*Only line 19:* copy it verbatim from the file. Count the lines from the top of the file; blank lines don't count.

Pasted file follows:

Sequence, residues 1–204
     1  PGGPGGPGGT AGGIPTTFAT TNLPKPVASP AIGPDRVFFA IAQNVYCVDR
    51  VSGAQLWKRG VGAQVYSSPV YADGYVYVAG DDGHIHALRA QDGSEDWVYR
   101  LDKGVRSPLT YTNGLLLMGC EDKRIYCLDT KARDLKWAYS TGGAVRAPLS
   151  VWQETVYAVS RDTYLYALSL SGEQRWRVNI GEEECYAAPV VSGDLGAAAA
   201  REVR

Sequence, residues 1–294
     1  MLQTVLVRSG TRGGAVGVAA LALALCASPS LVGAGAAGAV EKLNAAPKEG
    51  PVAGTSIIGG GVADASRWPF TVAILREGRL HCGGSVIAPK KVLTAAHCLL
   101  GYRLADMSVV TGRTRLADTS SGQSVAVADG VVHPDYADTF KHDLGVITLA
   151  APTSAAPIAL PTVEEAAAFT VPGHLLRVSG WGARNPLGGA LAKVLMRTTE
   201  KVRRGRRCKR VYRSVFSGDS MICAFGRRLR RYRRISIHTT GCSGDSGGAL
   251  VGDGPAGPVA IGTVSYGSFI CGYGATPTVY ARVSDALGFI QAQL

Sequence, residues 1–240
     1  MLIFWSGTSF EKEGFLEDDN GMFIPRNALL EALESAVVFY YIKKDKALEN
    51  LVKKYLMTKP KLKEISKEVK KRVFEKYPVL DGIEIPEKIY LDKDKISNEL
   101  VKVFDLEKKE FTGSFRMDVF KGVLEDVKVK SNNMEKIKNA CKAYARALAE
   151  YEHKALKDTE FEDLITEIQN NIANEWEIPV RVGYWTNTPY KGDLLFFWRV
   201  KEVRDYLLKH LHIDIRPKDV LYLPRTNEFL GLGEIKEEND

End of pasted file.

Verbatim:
   201  KEVRDYLLKH LHIDIRPKDV LYLPRTNEFL GLGEIKEEND